Figure 4.

Interpretation of structures along the eastern Nankai trough superimposed to our final model. The thick black dashed line represents the upper part of the coseismic slip zone likely to be activated during the next Tokai earthquake. The thick gray dashed line marks a splay fault branching on the plate contact and continuing upward, along the backstop thrust T1 and eventually, the Tokai thrust. T1, T2 and T3 denote the thrusts slicing the backstop.

[9] The fundamental new feature recovered by waveform inversion is the quantification of the velocity field up to the higher wavenumbers theoretically attainable with the deployed source. Resolution is thus dramatically improved with respect to classic travel time inversions and sharp velocity contrasts are estimated, which migration methods fail to achieve at wide angle [Dessa et al., 2004]. Large-scale velocities give an insight on acoustic properties of structures and thus on their lithological nature; short wavelengths allow an analysis of tectonic discontinuities. The most striking examples of this latter point are anomalies associated with major thrusts in the backstop and at the plate contact (Figures 2, 3, and 4). These characteristic short-wavelength low velocity zones provide an evidence for the presence of lower rigidity materials. The most likely hypothesis for that is the existence of fluid circulation along fault-induced paths and the presence of gouge in damaged fault zones at depth, essentially along the seismogenic plate contact beneath the backstop. Furthermore, the estimation of these velocity variations–up to 1 km.s−1 (Figure 3C)–provides a much needed constraint on in situ conditions along tectonic contacts that are otherwise not accessible, except possibly through drilling.

[10] A thickened oceanic crustal structure presently colliding the backstop is visible in our images (Figures 3 and 4). Intra-oceanic shortening is made necessary here as a transition between domains of distinct deformation regimes [Mazzotti et al., 1999]. The Zenisu ridge (Figure 1) is such a compressive feature [Lallemant et al., 1989] and the existence of an analogous ridge (Paleo-Zenisu) has been proposed beneath the accretionary prism [Lallemand et al., 1992; Le Pichon et al., 1996; Mazzotti et al., 2002; Kodaira et al., 2003; Martin, 2003; Dessa et al., 2004]. Our results confirm this and furthermore demonstrate the tectonic origin of this ridge by evidencing a system of major thrusts offsetting various reflectors across the whole crust. The role of overprinted volcanism along the ridge [Martin, 2003] therefore appears of secondary importance in the crustal thickening. The hypothesis of a serpentinized zone within the underlying mantle [Mazzotti et al., 2002] appears likely; it would localize strain in an elsewhere rigid oceanic lithosphere and would be consistent with the reactivation of fracture zones west of the Izu-Bonin arc [Bandy and Hilde, 1983; Mazzotti et al., 2002]. Within the backstop, the observation of great thrusts (T1, T2, T3 in Figure 4) is a strong evidence for a pronounced compressive episode. Most of these features are however inactive now as no topography is being created at their seafloor termination. The landwardmost thrust (T3 in Figure 4) appears as a downward continuation of the Kodaiba fault, which would thus have been a thrusting fault although now essentially dextral strike-slip [Thoué et al., 1995]. Seaward, the active Tokai thrust appears to be rooted on the T1 backstop thrust rather than on the adjacent plate contact. We propose it to act as a splay fault along which a part of the coseismic slip is taken during great subduction earthquakes [Park et al., 2002]. The rest would be transferred along the plate contact itself, continued by the shallow décollement imaged within the sedimentary prism, in agreement with that inferred by Martin [2003]. Should this hypothesis be confirmed and the Tokai splay fault remain active for a sufficient period, the backstop sliver immediately seaward of it would end up in the subduction channel, providing an erosional mechanism to the observed landward retreat of the backstop on this segment of the trough [Nakanishi et al., 2002]. Due to consequences of its proximity with the Izu collision zone, the Tokai segment would thus be a partially erosive margin unlike the rest of the accretionary Nankai subduction.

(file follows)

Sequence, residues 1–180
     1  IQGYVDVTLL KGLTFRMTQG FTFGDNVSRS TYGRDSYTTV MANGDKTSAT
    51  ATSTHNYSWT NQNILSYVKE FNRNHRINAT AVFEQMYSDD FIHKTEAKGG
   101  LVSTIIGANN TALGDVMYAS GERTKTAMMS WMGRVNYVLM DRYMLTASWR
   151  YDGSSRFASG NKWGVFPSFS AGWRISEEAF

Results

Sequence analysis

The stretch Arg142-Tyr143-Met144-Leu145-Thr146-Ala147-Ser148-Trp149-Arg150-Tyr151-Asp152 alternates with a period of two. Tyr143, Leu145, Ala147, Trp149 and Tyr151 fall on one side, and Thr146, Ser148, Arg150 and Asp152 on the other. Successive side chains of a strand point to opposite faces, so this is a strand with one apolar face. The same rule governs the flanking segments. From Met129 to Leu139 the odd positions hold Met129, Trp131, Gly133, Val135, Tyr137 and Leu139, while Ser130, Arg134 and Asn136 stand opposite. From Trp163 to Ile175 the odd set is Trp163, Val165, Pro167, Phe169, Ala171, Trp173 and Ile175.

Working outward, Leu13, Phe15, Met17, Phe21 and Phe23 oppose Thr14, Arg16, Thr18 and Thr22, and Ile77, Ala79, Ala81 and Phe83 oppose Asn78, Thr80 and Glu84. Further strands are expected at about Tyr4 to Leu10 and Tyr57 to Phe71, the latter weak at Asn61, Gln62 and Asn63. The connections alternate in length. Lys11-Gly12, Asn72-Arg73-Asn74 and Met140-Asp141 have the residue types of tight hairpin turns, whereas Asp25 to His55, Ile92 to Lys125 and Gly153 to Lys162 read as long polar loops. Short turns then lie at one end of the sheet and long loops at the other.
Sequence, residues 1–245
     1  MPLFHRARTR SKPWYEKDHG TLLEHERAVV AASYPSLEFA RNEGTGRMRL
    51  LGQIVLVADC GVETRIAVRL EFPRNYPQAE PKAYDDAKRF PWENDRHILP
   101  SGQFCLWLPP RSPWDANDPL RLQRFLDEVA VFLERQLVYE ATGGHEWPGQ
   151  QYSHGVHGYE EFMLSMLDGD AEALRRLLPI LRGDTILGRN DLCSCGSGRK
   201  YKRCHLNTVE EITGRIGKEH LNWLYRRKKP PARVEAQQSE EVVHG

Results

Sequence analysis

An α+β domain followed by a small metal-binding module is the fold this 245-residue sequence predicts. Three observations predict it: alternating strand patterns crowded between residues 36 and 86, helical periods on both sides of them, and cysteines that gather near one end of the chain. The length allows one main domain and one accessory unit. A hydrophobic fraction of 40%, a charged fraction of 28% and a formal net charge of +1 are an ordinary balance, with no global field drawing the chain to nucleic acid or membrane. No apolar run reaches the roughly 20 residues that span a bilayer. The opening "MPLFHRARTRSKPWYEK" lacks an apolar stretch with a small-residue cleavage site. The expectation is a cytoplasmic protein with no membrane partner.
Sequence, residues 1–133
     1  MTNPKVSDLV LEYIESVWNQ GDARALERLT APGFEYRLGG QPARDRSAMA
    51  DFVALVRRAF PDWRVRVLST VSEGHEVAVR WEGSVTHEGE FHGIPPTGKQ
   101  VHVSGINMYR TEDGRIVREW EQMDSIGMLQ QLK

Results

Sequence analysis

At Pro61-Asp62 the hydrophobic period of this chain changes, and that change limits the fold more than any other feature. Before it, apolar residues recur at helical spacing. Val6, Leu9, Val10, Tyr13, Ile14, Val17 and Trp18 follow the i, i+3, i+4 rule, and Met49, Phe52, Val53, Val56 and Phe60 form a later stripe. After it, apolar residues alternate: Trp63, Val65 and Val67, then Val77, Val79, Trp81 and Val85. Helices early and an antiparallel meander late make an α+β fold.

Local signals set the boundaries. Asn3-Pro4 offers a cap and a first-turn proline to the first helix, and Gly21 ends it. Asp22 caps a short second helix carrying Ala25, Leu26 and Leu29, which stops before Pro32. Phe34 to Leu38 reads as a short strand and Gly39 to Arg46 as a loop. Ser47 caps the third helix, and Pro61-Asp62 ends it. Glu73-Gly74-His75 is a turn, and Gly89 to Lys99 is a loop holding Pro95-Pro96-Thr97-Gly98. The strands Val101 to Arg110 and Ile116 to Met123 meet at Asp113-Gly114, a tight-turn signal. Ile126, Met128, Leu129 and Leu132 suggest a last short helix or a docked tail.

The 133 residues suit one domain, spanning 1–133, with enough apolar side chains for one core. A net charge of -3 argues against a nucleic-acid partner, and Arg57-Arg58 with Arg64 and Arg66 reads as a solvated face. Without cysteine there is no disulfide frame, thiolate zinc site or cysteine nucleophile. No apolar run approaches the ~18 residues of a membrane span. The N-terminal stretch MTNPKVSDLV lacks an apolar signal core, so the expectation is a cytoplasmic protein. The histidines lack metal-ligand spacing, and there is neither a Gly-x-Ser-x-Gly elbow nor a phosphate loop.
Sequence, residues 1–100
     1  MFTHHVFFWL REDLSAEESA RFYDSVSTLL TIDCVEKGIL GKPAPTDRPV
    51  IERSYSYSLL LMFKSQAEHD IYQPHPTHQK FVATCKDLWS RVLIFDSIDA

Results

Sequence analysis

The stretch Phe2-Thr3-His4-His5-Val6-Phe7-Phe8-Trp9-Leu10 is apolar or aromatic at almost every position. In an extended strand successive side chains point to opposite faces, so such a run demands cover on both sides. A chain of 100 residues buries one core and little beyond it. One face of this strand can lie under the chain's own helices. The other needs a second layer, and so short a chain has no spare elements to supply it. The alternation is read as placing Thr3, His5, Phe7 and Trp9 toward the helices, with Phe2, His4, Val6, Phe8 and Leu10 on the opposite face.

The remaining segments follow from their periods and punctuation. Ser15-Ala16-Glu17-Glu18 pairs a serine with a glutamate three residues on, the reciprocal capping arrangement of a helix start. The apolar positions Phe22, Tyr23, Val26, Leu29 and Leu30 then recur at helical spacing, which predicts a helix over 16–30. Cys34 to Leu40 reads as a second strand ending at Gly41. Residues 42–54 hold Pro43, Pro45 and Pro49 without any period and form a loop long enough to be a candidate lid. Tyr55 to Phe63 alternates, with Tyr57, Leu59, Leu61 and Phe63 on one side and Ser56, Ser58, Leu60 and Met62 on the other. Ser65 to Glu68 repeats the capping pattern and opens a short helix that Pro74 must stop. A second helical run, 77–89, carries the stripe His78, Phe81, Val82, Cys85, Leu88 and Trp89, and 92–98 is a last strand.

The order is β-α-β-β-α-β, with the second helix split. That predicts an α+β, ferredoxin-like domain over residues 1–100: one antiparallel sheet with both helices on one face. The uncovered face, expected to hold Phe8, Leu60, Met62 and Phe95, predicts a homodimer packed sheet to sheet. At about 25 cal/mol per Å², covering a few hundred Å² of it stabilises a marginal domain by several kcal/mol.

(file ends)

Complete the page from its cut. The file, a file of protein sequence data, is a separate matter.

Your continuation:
[11] This study shows the interest and feasibility of applying full waveform inversion to densely-sampled OBS networks in order to perform a sharp and quantitative imaging of the whole crust in a complex 2-D geological setting. Such new approach should provide an improved knowledge of deep crustal processes.


[12] Computations were carried out on the NEC-SX5 of IDRIS (Orsay, France). We thank P. Amestoy (ENSEEIHT-IRIT, Toulouse, France) for providing us with the numerical solver for sparse linear algebra (MA41, from Harwell Subroutine Library). The boarding crew of the R/V Kayio performed data acquisition. Discussions with P. Henry were an appreciable contribution. R. G. Pratt and another reviewer helped with thoughtful reviews. This is UMR Géosciences Azur contribution 683, CNRS, France.